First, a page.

Ladore was first called Fort Roach in honor of James N. Roach, its principal founder. A native Virginian, Roach spent several years in Indiana before migrating to Kansas Territory in about 1857. Settling in Fort Scott, Kansas, he became an innkeeper and tavern owner. Having a checkered reputation as a political activist, he was said to have been a friend of John Brown. His Fort Scott business was known by the names “Roach House” and “Fort Roach,” and the latter stuck to him as a nickname. The tavern was known for rowdy parties that lasted for days and often resulted in bullet holes, one of which was an incident when Roach’s son-in-law shot and killed another man during a drunken argument. In about 1867, the Roach’s sold their interests in Fort Scott and acquired land near the banks of Labette Creek in southern Neosho County.
A post office was established on October 8, 1867. In 1868, Osage Mission missionary Philip Colleton established a mission station at Ladore, and a church was built within a year. A general store was erected by Neely & Co., which was completed in September 1869, along with a new residence for the owners. With the building of a general store and the promise of a new hotel and other businesses, Ladore would soon grow.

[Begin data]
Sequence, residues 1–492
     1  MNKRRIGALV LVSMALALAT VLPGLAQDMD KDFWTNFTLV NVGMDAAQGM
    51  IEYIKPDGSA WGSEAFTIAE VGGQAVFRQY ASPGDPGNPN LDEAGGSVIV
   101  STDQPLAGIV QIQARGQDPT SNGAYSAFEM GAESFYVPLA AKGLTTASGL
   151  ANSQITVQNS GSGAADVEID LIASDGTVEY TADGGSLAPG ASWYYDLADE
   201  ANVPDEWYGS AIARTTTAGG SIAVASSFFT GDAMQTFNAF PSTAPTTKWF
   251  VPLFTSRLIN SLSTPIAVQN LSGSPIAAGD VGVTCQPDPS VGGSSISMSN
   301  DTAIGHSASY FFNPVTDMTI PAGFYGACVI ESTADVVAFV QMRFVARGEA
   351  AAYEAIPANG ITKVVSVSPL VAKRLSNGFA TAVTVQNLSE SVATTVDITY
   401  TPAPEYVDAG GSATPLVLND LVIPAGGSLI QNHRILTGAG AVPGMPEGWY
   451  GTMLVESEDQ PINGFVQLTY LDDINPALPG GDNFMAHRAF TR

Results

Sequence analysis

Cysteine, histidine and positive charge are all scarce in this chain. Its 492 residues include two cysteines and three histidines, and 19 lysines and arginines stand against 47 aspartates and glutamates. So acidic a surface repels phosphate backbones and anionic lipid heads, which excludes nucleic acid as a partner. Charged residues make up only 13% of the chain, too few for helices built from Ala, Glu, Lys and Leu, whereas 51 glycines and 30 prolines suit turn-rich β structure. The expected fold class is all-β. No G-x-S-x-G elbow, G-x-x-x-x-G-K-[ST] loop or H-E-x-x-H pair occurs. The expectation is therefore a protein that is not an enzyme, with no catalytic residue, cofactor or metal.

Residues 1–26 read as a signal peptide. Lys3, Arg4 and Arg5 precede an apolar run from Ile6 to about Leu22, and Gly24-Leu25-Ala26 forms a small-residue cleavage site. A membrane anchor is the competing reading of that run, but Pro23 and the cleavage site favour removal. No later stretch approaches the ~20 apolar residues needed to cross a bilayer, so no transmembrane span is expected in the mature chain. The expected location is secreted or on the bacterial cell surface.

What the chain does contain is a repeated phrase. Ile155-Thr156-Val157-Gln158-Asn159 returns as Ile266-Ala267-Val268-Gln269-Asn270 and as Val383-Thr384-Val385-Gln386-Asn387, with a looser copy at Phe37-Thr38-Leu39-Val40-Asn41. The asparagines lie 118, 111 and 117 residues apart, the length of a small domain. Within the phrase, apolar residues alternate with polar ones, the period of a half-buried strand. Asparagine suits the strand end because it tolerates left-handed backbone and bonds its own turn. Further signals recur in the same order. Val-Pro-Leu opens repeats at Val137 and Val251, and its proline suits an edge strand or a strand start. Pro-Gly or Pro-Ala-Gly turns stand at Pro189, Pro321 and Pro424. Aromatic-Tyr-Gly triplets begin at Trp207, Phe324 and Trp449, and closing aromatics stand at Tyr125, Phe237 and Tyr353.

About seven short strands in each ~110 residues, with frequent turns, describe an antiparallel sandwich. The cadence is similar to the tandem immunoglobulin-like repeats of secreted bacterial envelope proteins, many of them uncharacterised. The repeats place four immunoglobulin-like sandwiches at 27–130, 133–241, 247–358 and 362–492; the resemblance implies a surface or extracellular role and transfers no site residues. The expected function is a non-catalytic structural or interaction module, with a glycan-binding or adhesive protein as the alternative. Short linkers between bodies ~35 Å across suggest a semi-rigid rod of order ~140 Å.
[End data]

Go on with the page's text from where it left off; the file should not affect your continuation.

The report of the intention of the Missouri, Kansas & Texas Railway to make this the junction of the main line and the Neosho division of the railroad was the cause operating in favor of its rapid advancement. So rapid was its growth that in a few years, it reached a population of 1,000 and contained a proportionate number of stores and all the improvements of a fast-growing and substantial city. Schoolhouses, churches, and other public enterprises were made with the idea of permanence. The name was changed from Fort Roach to Ladcore on February 12, 1869.
The railroad track came to Ladore in May 1870. Within no time, immigrants, honest settlers, squatters, promoters, and adventurers, accompanied by the lowest riffraff of the frontier, were flooding into southern Kansas in the wake of the railroad. Some of the rail workers were a little rough around the edge, and others probably used the transient lifestyle to stay ahead of the law. Robberies and burglaries increased.